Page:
Skip Navigation LinksHome > News > WBU appoints three new staff

WBU appoints three new staff

The World Blind Union is pleased to announce the appointment of three new staff. They are: Mr. Hannes Juhlin Lagrelius from Sweden, Ms. Jessica Kashia Jacobie from St. Lucia and Mr. Benjamin Dard from France. 

1. Mr. Hannes Lagrelius, Programme Officer, Accessibility in Smart Cities Initiative
Hannes Lagrelius, Programme Officer, Accessibility in Smart Cities Initiative
Mr. Hannes Juhlin Lagrelius, from Sweden, is the new Programme Officer for Accessibility in Smart Cities Initiatives. He is part of a Bilateral Associate Expert’s trainee program at the Swedish International Development Cooperation Agency, SIDA.He will be with us for 2019-2020 and stationed at our Africa Regional Secretariat (African Union of the Blind) in Nairobi, Kenya. 

Mr. Lagrelius holds Bachelor's degrees in Peace and Development studies and in Political Science from Linnaeus University in Sweden. As part of his studies, he did internship programs at SIDA's Department for Africa and the Swedish Embassy in Kigali, Rwanda. 

Prior to joining the WBU, he was a Programme officer for international development cooperation at the Swedish Association of the Visually Impaired, SRF. At the SRF he was the officer in charge of international partnership projects with several of WBU's country member organisations in Eastern Europe, Central America and Africa. The projects focused on capacity development and strengthening of advocacy work springing from the UNCRPD (The Convention on the Rights of Persons with Disabilities) and the 2030 Agenda for Sustainable Development. 

Mr. Lagrelius has had an extensive engagement in the Swedish disability rights movement, advocating for the inclusion of persons with disabilities within Sweden’s development cooperation. Although he is only 26 years old, he has held several board positions in the Swedish Association of Visually Impaired Youth and MyRight (former SHIA). In addition, he has been an advisor in the formation and development of the Blind Youth Association Nepal, now one of Nepal’s most influential youth organisations.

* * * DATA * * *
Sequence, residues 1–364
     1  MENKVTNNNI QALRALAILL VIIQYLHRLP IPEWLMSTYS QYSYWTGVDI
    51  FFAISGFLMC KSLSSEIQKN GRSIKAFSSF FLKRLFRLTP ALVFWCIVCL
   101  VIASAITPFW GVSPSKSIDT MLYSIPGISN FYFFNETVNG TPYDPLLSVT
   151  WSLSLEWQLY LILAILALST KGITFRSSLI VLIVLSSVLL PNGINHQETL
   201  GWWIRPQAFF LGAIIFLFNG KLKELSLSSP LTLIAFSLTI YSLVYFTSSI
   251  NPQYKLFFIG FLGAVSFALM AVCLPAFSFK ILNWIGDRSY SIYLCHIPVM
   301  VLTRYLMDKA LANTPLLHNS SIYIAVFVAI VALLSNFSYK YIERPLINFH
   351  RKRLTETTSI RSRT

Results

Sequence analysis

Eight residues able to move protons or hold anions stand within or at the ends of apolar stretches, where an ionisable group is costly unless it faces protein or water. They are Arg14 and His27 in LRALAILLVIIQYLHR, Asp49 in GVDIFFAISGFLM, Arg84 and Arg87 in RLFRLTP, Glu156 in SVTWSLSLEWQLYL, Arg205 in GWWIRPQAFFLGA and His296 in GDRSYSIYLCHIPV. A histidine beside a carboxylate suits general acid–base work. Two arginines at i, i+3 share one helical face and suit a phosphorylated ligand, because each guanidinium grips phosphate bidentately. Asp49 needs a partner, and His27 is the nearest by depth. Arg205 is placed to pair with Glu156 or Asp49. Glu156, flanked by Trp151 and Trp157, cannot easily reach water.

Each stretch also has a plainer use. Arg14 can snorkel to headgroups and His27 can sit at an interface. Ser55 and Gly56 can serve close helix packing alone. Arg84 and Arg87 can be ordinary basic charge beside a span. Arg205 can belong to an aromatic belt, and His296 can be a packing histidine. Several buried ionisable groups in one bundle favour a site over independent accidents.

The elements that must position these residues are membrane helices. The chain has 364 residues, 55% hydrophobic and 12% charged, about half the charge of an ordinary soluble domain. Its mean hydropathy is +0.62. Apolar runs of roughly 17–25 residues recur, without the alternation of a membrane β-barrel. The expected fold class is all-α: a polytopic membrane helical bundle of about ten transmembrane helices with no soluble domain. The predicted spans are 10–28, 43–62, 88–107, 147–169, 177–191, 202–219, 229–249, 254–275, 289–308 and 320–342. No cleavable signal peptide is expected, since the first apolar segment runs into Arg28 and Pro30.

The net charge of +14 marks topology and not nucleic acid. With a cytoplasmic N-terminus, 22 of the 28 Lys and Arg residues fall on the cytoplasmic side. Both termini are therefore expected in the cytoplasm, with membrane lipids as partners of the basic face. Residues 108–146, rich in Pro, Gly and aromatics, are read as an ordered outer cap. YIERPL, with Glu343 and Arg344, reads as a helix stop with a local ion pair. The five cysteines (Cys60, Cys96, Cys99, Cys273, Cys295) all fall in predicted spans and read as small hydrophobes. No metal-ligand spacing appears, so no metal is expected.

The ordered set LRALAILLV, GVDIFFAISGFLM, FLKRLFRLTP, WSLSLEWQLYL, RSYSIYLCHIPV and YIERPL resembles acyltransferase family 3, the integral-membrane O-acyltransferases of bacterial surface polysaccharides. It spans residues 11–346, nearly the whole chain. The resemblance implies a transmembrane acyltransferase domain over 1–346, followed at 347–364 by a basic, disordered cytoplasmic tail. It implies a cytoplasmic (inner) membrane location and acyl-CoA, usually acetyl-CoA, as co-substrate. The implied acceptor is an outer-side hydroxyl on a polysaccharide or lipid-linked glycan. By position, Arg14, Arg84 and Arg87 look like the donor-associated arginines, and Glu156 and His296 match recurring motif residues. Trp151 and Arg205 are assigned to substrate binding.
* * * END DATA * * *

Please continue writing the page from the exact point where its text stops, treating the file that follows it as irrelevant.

Mr. Lagrelius believes that today, cities globally are being developed and transformed in a rapid pace never experienced before. "My aspiration is to support WBU and our regional/national members to become active parties at the tables where plans and policies are developed with the objective that smart cities must be accessible and inclusive of persons with visual impairment. We need to be in the forefront in order for our issues to be considered in international debates", says Mr. Lagrelius, adding that his first step is to determine what a truly smart and accessible city means for persons with visual impairment. 

" I will support the World Blind Union to increase its presence in global and regional fora on accessibility and urban development and transformation. To further enhance the base for global, regional and national advocacy I will collect and share good practices of accessibility measures which works around the globe. In various ways we will work on initiatives to support the capacity development of member organisations which is something you will hear more about later on", says Mr. Lagrelius. 


2. Ms. Jessica Kashia Jacobie, Human Rights Officer
  
jessica-2B.jpg

Ms. Jessica Kashia Jacobie, from St. Lucia, is the new Human Rights Officer for the WBU. She is supported by the International Disability Alliance (IDA) as a fellow for the “No One Left Behind” programme (NOLB), a Fellowship Programme developed by IDA together with its members to strengthen their operational and advocacy capacities.